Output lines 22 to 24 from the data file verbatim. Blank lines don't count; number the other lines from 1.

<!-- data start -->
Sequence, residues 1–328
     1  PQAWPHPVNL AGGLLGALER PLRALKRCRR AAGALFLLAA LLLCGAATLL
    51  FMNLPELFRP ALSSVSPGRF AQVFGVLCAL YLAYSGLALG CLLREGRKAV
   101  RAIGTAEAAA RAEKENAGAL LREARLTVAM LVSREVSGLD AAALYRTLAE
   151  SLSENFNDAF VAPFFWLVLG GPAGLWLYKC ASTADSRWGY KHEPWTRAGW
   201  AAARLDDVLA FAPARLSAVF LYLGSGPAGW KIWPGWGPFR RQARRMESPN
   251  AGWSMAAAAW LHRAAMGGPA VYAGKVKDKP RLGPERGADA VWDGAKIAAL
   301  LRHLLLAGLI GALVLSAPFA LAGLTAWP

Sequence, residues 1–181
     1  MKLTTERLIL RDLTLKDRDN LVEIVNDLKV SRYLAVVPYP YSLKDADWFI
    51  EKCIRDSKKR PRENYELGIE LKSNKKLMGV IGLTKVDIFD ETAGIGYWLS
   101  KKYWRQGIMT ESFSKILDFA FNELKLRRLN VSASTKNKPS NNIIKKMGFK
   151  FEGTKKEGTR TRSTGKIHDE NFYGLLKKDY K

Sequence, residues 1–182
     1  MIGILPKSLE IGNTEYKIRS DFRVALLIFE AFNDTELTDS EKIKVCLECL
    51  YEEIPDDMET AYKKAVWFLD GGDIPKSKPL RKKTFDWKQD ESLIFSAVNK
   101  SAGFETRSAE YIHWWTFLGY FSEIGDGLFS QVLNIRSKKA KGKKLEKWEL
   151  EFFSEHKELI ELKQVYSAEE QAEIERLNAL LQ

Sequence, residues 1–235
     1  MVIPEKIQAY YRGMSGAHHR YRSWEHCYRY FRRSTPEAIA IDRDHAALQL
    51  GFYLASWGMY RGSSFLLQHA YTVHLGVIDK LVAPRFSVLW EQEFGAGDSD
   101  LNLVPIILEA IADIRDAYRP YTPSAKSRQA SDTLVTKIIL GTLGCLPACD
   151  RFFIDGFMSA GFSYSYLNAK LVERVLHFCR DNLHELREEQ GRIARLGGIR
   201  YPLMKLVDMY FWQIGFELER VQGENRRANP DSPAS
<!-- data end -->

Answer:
   101  LNLVPIILEA IADIRDAYRP YTPSAKSRQA SDTLVTKIIL GTLGCLPACD
   151  RFFIDGFMSA GFSYSYLNAK LVERVLHFCR DNLHELREEQ GRIARLGGIR
   201  YPLMKLVDMY FWQIGFELER VQGENRRANP DSPAS